Five St. Joseph | 161m | 48s | Five St. Joseph | Hariri Pontarini COMPLETE

Miscreant

Senior Member
Member Bio
Joined
Oct 9, 2011
Messages
3,610
Reaction score
1,777
Location
Where it's urban. And dense.
Disrespect? You posted a very quick, subjective evaluation and didn't even take the time to tell us why. That's fine, but so is me asking you to explain what you meant in your post.

But yeah, I have to disagree with your evaluation. What's wrong with 60s apartment buildings? A mix of architecture is what makes downtown really cool.. you get those "onion layers" of history.
We both know the difference between 'Would you mind elaborating?' and 'Elaborate.' If you don't, I'm not sure an explanation of the difference will make sense to you, so it's not in my interest to pursue the matter further. But I know you do, so the point is moot.

As for my comment, I can understand that it might come as a surprise to you and other members that I actually have no pretensions that the claims I make here have any authority or should even really be listened to. My interest in Toronto's urban development is simple and naive, and I'm okay with that. I don't come here to enter into a discourse of justification.

So, though I'm not sure really what you mean by 'subjective' or 'objective', all I can offer is a more refined set of descriptions for why I see that particular shot, at that particular time, in those particular weather conditions, in that particular state of construction of the city, dismal. And my remark was so off-the-cuff that I'm not really interested in doing that right now.

Though I'm always interested to read what other members think, and am happy to countenance opposing views.
 
Last edited:

Danielinthecity

Active Member
Member Bio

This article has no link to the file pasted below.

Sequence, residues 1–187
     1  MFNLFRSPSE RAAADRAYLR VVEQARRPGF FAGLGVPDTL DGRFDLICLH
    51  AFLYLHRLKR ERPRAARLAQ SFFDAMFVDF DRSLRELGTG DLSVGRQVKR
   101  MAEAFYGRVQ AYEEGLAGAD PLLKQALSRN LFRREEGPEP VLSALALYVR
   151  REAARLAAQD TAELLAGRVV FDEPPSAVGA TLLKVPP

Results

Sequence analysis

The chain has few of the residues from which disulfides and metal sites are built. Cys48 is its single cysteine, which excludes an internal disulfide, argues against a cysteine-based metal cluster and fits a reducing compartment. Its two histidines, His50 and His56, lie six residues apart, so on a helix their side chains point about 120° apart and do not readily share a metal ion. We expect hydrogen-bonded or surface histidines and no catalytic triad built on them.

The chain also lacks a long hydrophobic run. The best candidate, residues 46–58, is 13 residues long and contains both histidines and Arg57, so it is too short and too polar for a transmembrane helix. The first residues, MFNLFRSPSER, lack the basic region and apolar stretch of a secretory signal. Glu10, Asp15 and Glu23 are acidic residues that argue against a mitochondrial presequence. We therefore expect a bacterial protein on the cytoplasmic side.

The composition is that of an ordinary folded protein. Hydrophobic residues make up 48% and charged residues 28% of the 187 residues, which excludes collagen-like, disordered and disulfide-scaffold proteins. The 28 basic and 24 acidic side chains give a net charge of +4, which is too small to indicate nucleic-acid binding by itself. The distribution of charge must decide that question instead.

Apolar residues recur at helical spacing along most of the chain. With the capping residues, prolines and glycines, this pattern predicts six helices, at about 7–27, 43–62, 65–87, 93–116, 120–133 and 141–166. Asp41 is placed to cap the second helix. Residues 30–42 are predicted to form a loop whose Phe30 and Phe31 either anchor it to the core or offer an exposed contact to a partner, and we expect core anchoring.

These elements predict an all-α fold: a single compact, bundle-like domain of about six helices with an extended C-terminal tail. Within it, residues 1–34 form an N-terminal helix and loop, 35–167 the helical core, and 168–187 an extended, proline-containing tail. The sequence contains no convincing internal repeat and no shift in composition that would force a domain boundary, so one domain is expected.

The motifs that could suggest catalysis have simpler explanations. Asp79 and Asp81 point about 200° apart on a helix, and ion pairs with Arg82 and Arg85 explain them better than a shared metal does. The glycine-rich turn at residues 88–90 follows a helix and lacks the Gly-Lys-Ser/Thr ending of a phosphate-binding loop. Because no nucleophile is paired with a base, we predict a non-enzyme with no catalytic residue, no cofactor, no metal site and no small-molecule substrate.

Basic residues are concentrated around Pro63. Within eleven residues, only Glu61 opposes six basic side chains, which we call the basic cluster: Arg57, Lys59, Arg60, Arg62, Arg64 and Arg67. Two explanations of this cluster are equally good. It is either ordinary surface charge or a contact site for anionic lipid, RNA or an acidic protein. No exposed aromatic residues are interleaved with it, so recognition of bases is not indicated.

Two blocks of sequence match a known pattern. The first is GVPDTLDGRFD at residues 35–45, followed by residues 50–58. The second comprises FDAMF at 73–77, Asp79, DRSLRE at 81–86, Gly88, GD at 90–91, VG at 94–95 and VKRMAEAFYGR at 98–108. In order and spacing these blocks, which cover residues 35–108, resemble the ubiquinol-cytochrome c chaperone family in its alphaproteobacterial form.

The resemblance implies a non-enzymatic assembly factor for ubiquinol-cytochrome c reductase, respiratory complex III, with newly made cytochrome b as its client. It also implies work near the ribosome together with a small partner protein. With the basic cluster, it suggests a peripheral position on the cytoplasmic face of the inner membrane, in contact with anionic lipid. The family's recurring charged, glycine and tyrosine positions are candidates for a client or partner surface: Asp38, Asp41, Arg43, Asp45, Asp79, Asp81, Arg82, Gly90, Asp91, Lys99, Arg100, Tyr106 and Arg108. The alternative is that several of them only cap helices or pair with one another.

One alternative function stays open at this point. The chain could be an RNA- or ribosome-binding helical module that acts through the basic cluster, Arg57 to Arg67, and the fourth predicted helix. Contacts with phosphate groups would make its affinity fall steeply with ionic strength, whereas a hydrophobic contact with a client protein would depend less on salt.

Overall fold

Joined
Apr 22, 2007
Messages
194
Reaction score
2
How they maintain the building and the grounds there (another landscaping project is currently underway) might distinguish it from what one might find at Ellesmere and Birchmount, nothing against Ellesmere & Birchmount, I grew up a stone throw from there, plus it's been a condo co-op for a few decades now.
The building is having the garage sealed...unlike many buildings constructed today it extends northward under what is the front lawn, and you're quite right that while it's a typical 60's 'slab' of the era, it's 'front lawn' so to speak is very much what distinguishes it from the 'Towers in the Park' that was referenced at Ellesmere/Birchmount...

...with the new landscaping, it'll hopefully add even more distinction to mask the not so great qualities (just my opinion) of the typical 60's slab.
 

WiddleBittyKitty

Felis catus
Member Bio
Joined
Oct 17, 2008
Messages
586
Reaction score
140
I know this is a bit off topic, but when the first retailer here was announced to be the RBC and everyone freaked out, I wasn't too happy either. Now with this happening, I'd feel like tearing up a contract (I know easier said than done):

RBC replaces Canadian staff with foreign workers
Axed employee blows whistle; federal government investigating

By Kathy Tomlinson, CBC News Posted: Apr 6, 2013 5:31 PM PT Last Updated: Apr 6, 2013 8:02 PM PT comments 653
http://www.cbc.ca/news/canada/british-columbia/story/2013/04/05/bc-rbc-foreign-workers.html

Dozens of employees at Canada’s largest bank are losing their jobs to temporary foreign workers, who are in Canada to take over the work of their department.